Creating a dead-flat finish

      Think your life is dull? It's nothing compared to *this* finish. April 4, 2001

Q.
A customer doesn't want the finish I'm doing to pick up any light. I sprayed the furniture with Campbell's Duravar dull finish, but it picks up too much light. Is there a way to dull the Duravar finish more, without recoating?

Forum Responses
This is extremely difficult to do. It's almost always easier to make something shinier than to dull it past satin without putting major scratches on it. One possible method is to use the appropriate grit of Mirka Abralon on a random orbit sander. But this isn't simple. After a certain point, dead flat is hard to achieve and shows fingerprints very easily.



Just add flatting paste or powder. Don't go much lower than a 10 degree sheen, which is usually a true "flat". When you get down to a 6 degree sheen, you've got "dead flat". Normally, the lower the sheen, the poorer the mar resistance, but not always. If you put too much flatting paste in, you may end up with a product very close to a crackle.

Bob Niemeyer, forum technical advisor



When too much flattening agent is added, scratches show up white in the coating. This can cause other problems to the resins over time.


From the original questioner:
I called my Campbell rep about the flatting paste. They don't recommend adding any paste to the Duravar, which is a 15. It could cause adhesion problems. I am hoping there is a way to dull the finish that is already on the furniture.


You could "rub" it out, but it would give you a different look. You better make up a sample and get your customer to approve it first.


When I have to flatten off a flat catalyzed finish (even pre-cat) or add a lot of colorant, I add a little extra catalyst to the finish.


If you are close to the desired sheen, the best way to solve this problem is not to do anything at all. Unless you have a high gloss finish, all finishes will flatten optically and physically over time. As the finish cures, by both solvent release and crosslinking, you will lose film volume, hence reducing the light reflectivity.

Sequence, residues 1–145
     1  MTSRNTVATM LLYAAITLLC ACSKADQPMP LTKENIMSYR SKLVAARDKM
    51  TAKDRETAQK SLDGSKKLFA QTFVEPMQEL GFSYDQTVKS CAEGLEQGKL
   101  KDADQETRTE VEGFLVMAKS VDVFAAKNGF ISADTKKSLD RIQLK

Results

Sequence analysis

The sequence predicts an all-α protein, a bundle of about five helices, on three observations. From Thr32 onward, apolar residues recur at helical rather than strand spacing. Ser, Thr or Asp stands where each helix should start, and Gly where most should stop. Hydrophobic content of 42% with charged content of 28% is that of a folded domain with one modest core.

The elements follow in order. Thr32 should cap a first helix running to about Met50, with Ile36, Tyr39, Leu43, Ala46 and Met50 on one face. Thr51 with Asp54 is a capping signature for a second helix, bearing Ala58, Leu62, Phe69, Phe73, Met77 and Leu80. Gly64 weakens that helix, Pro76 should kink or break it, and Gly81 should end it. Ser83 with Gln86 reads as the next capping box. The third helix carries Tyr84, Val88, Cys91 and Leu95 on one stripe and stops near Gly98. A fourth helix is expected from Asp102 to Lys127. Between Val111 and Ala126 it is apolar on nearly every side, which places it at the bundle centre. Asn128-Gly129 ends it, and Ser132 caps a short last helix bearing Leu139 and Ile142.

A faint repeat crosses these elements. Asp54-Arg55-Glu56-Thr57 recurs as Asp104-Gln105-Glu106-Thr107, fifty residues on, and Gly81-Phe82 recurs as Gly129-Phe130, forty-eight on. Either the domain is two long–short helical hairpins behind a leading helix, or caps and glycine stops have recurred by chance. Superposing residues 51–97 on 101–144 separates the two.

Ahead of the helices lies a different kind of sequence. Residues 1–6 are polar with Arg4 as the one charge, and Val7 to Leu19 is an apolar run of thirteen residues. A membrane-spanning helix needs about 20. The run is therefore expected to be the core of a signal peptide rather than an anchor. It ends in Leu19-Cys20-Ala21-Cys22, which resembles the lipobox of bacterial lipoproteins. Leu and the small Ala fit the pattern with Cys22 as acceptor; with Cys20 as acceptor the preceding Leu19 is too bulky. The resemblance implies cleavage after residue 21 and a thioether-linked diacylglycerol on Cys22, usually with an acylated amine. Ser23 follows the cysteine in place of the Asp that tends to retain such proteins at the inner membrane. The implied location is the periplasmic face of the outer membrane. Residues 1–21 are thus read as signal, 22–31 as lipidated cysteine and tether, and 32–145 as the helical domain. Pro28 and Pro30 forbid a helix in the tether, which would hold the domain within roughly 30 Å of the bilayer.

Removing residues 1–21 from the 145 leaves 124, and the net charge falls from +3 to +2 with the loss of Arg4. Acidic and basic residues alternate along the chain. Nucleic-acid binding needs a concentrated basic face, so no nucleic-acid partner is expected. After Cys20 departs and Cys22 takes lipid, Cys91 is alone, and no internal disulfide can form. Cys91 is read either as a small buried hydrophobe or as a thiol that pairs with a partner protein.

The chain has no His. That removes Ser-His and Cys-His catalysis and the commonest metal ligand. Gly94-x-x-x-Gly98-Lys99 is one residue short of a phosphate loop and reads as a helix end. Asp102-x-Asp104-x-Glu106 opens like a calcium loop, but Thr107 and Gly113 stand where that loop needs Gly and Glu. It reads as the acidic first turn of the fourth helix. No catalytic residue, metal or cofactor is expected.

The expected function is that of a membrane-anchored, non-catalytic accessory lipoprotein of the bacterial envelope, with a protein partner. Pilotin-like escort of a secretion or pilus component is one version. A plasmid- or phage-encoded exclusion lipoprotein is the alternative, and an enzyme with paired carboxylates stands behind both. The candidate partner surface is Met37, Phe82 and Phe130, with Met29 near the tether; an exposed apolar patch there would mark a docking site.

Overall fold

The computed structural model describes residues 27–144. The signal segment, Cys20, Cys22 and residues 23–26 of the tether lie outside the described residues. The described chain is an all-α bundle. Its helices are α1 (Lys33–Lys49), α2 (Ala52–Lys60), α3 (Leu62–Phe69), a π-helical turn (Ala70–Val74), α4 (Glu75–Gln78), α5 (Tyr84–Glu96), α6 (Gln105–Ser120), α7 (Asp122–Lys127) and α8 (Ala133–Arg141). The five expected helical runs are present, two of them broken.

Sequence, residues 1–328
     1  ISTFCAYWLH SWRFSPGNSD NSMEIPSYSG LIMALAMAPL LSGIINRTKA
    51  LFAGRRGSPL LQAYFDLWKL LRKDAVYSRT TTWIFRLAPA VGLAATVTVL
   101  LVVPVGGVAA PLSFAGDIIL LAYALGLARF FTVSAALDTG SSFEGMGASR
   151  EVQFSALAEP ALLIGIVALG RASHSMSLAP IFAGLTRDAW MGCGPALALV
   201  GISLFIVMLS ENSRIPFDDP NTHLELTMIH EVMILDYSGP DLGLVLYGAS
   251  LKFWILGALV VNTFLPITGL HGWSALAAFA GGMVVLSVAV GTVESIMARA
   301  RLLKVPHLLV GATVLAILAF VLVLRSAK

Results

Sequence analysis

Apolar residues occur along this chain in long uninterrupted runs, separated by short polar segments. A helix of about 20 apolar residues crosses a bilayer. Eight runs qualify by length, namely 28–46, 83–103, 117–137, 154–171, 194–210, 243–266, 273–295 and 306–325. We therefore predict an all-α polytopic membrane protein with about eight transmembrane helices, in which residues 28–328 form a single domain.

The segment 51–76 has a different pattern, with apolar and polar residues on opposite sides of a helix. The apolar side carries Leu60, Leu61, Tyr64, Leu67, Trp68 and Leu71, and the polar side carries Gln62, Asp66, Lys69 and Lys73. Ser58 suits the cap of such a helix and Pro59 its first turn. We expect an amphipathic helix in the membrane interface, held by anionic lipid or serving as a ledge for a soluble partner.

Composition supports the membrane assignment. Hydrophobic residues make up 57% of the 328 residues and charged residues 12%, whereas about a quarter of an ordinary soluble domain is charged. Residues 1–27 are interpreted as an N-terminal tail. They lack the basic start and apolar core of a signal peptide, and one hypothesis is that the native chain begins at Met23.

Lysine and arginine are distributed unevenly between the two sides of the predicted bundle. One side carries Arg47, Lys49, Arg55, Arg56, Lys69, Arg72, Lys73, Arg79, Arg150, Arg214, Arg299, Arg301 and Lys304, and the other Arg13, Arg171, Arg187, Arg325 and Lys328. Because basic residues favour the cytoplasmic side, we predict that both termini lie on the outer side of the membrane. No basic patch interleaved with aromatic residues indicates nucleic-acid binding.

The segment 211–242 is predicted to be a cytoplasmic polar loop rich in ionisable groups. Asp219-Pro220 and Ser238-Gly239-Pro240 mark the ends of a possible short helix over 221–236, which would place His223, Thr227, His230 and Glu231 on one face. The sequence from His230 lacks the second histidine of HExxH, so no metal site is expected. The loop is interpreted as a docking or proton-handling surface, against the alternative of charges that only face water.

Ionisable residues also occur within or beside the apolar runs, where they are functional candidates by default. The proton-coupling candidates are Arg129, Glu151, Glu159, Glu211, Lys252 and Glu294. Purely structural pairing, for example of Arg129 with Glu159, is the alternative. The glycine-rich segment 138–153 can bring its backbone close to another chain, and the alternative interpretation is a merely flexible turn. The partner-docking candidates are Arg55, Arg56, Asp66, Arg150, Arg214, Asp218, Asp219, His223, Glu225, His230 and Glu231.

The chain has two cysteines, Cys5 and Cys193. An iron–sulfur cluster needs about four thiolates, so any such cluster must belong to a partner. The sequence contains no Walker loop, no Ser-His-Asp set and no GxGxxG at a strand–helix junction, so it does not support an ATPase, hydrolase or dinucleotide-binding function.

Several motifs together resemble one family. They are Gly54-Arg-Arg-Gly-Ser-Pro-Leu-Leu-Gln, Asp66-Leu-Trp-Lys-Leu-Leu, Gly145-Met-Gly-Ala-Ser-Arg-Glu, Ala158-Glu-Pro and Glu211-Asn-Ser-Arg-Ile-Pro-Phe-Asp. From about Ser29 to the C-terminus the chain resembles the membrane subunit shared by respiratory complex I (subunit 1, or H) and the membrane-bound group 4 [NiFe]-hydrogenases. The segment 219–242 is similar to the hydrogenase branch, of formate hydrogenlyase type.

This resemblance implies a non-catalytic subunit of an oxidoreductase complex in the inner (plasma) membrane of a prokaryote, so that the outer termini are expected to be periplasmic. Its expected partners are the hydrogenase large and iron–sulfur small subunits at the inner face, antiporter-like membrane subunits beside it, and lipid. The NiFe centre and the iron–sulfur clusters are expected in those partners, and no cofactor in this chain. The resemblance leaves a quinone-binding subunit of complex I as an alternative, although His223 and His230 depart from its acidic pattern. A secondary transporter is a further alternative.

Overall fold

If you try to rub the finish flatter, it will look scratched before you achieve the look you are after. If you chose to re-shoot with a flattening paste, add your paste to your thinner and let it sit for a few hours and filter very well to eliminate white specks in your finish.



He would have a very long wait before it ever dulls out.


We have dulled Duravar flat with flattening paste without an adhesion problem. Make sure you are using ML Campbell's acid cured flattening paste (the stuff for the Duravar) and not the nitrocellulose type. We mixed it with thinner before adding it to the finish.


The sheen is a 15 degree. This is considered dead flat with most coating companies. In most cases, if a finish is dead flat, when you rub something across the coating, it leaves marks that will not come out. These do not have to be deep scratches--scuff marks will cause this problem. This really shows up in dead flat black finishes.


The lower the sheen, the more "burnishing", or scratch marks. But if the coating has the proper additives in it and is built to be flattened to a low sheen, it will work fine. I have sheened many a product to 10 degrees or lower, but never have gone below 5 sheen. I don't feel that 15 degrees is dead flat. The dead flats I order are 10 degrees or lower.

Remember, at these sheen levels each single digit of change is more noticeable than at 40 sheen compared to 35 sheen. Also, always spray your final sheen over full gloss to get the true sheen. Most manufacturers measure sheen on black glass, not wood.

Bob Niemeyer, forum technical advisor



The more flattening agent, the less "solids." The less solids, the more problems you will have with dead flat coatings. Some companies do use a 15 degree for their dead flat coating, just as some companies have different degrees in their gloss, satin, or flat coatings. These sheens can change in different types of coatings from the same manufacture.


Isn't a 20 sheen a 20 sheen no matter what type of coating?

Bob Niemeyer, forum technical advisor



I meant that some companies may have an acrylic flat at 25/30, and a polyurethane flat at 40/45. Their nitrocellulose coatings may have a 90/95 gloss, and their CAB gloss coatings may be 80/85. The "sheens" may not be the same in all of their coatings. There can be a difference from manufacturer to manufacturer.


I suggest SW Super Kemvar C for that dull close the wood look. You can't get a cat finish that looks more like an oil finish than that.


I use a product called Flat Lube made by Mohawk. It is applied with wet steel wool, preferably 0000, after the piece has its final topcoat and is thoroughly dry. It will dull the finish and give it a nice waxy feeling. Too much rubbing will begin to produce a shine.

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